*Today’s guest post on the Golden Temple Amritsar is by Sarah from www.asocialnomad.com. Images in this blog belong to Sarah from A Social Nomad and are subject to copyright regulation.
If you visit one Sikh temple in your lifetime, then make it this one, Amritsar’s Harmandir Sahib. It’s more commonly known as the Golden Temple, which when you see a photograph is an obvious name. The city of Amritsar in the North West of the Punjab, India is only 28 kilometres from the border with Pakistan. The Golden Temple is the spiritual and cultural centre for the Sikh faith and receives more annual visitors than the Taj Mahal.
The old city of Amritsar is a gritty glorious series of winding alleys, crumbling architecture and superb food. There is much history here. The Ramrirth temple is believed to be the Ashram site of Maharishi Valmiki, the writer of the Ramayana and the 1919 massacre of hundreds of Indian civilians by the British at Jallianwala Bagh took place here. More recently, the Indian military operation ordered by Indira Gandhi, Operation Blue Star killed more than 500 civilians and members of the armed forces.
Sri Harmandir Sahib – the Golden Temple
Quite literally “the abode of God”, this is the most important pilgrimage site of Sikhism and the temple complex receives more than 100,000 visitors each day. The complex is constructed around a man-made pool which was completed in 1577. The pool, named “the Pool of the Nectar of Immortality” gave its name to the city – it is quite simply, Amritsar.
The temple that we see here is not original, it’s been destroyed several times and rebuilt. The current temple dates from 1809 when it was rebuilt in marble and copper with gold foil being added in 1830. Area of the complex werealso rebuilt after the destruction caused during Operation Blue Star.
The temple complex is vast and is accessed by way of four entrances. All visitors must remove footwear and wash their feet prior to entry. Shoe and sandal storage is provided. Both men and women must also cover their hair and head scarves are also provided.
Tenets of Sikhism
Sikhism originated here in the 15th century with the fundamental beliefs that there is one creator and that the gender-less God is omnipresent and infinite with power over everything. Sikhs believe that all humans are equal – that there should be no discrimination by gender or caste. Sikhism is the fifth largest religion in the world with believers living their lives in selfless service, understanding that one should live an honest life.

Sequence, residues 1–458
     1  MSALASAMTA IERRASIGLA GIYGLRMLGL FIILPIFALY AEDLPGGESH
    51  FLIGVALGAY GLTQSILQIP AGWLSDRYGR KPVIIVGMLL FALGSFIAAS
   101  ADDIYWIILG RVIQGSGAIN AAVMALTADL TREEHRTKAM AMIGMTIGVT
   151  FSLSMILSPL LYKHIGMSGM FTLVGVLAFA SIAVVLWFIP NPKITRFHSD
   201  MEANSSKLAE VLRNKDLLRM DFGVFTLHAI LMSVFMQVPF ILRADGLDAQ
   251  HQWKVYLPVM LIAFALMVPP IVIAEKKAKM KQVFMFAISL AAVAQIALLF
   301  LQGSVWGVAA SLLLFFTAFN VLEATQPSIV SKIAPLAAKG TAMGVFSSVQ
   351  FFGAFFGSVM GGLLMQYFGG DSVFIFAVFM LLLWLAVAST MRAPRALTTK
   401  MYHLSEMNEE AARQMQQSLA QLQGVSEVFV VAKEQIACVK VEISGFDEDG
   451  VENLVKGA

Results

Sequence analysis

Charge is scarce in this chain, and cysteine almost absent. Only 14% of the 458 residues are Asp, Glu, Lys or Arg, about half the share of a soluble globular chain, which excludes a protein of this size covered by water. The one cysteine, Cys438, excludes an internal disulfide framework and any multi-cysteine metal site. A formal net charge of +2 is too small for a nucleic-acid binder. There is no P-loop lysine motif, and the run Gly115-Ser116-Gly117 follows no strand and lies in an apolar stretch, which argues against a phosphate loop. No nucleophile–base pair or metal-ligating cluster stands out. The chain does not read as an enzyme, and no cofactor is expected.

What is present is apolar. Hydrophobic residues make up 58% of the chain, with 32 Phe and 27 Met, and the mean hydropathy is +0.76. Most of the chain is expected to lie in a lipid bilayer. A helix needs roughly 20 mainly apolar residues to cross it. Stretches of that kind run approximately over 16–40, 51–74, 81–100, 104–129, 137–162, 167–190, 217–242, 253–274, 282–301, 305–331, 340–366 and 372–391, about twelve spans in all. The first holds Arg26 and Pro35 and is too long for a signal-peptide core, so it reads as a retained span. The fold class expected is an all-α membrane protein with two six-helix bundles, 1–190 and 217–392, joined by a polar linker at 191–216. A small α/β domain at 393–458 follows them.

The faith is based on the teachings of the first Guru of the Sikh faith, Guru Nanak, as well as the ten subsequent Gurus. The words of Guru Nanak form the basis for Sikh teaching:
“Realization of Truth is higher than all else. High still is truthful living”
Sikh’s worship in a Gurdwara. This word means quite literally, a “door to the Guru”. Sri Harmandir Sahib, Amritsar’s Golden Temple is the holiest Gurdwara.
The Golden Temple Complex
The complex is constructed on a square plan. A marble walking path surrounds the pool (or tank) and the temple sanctum is accessed in the centre of the pool via a walkway. The tank is where pilgrims from around the world come to bathe. The Harmandir Sahib is open to all people of all faiths. It is quite simply the most peaceful man-made place I have ever been to.
The Sri Harmandir Sahib
Walking on the marble path around the edge of the tank, you’ll find your eyes constantly drawn to the Golden Temple. Return at different times of the day to experience the different light and it will remain an incredible sight. Appearing to almost float on the water, it’s a combination of Islamic and Hindu architecture. Engraved golden panels adorn the second level of the temple and 750 kilograms of gold top the gilded dome.
Unusually and unlike temples of other faiths the temple is open to all visitors. Equality is a key tenet of Sikhism after all.
Here in priests constantly chant the holy scripture of the Sikhs – the Guru Granth Sahib. It’s soothing and adds to the incredible peace of the temple. The scripture is brought to the temple each morning, priests take three-hourshifts to chant with a full reading taking 48 hours. In the evening it’s returned to Akal Takht.
The Akal Takht
The “throne of the timeless one is one of five Sikh seats of power. It’s the highest seat of earthly power for the Sikhs. It was originally built as a simple platform where Guru Hargobind (the fifth Sikh guru) sat in court, received petitions and administered justice. Today’s modern building is five stories, with marble inlay and a gold leafed dome.
Sikh Faith Museum
Within the temple complex, you’ll find the Sikh faith museum – it is well worth a visit to understand more about the tenets of Sikhism and the history of this faith.
Langar at the Golden Temple Amritsar
The langar is a free Sikh community run kitchen. You’ll find one in every Gurdwara and it’s possible to volunteer here. Simple vegetarian meals are served here to all visitors. It’s a communal affair, file in, following the crowd. Take your place, sitting on the floor alongside other visitors. The food is served from large vats, onto a metal tray. Rice, roti, dhal and curd.
The temple complex of the Sri Harmandir Sahib is a peaceful place of worship. It truly is open to all. The photographs that you’ll take will wow friends and followers, but the sense of well-being and peace that you take from this place will remain with you always.
You might also be interested in reading about the reality of visiting the Taj Mahal.
About the Author – Sarah from A Social Nomad
Sarah and Nigel from www.asocialnomad.com are all about Gen X Travel with a Y attitude.
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